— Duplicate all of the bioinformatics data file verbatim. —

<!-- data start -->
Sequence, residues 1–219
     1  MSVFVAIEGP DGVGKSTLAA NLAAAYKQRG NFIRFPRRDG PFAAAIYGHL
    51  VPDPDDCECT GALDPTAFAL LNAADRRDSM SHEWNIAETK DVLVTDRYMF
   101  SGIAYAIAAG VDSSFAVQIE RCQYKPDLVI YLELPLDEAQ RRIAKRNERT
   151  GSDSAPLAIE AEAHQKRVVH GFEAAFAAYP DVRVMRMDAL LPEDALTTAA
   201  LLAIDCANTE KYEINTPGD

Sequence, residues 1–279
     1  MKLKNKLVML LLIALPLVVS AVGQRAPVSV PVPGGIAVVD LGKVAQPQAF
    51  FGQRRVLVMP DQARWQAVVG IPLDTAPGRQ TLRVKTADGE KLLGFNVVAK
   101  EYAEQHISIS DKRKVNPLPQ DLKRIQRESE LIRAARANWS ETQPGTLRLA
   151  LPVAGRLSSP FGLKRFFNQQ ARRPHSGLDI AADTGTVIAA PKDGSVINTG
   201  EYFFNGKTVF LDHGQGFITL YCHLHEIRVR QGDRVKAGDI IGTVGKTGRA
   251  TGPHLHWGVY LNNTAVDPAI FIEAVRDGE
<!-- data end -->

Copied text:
Sequence, residues 1–219
     1  MSVFVAIEGP DGVGKSTLAA NLAAAYKQRG NFIRFPRRDG PFAAAIYGHL
    51  VPDPDDCECT GALDPTAFAL LNAADRRDSM SHEWNIAETK DVLVTDRYMF
   101  SGIAYAIAAG VDSSFAVQIE RCQYKPDLVI YLELPLDEAQ RRIAKRNERT
   151  GSDSAPLAIE AEAHQKRVVH GFEAAFAAYP DVRVMRMDAL LPEDALTTAA
   201  LLAIDCANTE KYEINTPGD

Sequence, residues 1–279
     1  MKLKNKLVML LLIALPLVVS AVGQRAPVSV PVPGGIAVVD LGKVAQPQAF
    51  FGQRRVLVMP DQARWQAVVG IPLDTAPGRQ TLRVKTADGE KLLGFNVVAK
   101  EYAEQHISIS DKRKVNPLPQ DLKRIQRESE LIRAARANWS ETQPGTLRLA
   151  LPVAGRLSSP FGLKRFFNQQ ARRPHSGLDI AADTGTVIAA PKDGSVINTG
   201  EYFFNGKTVF LDHGQGFITL YCHLHEIRVR QGDRVKAGDI IGTVGKTGRA
   251  TGPHLHWGVY LNNTAVDPAI FIEAVRDGE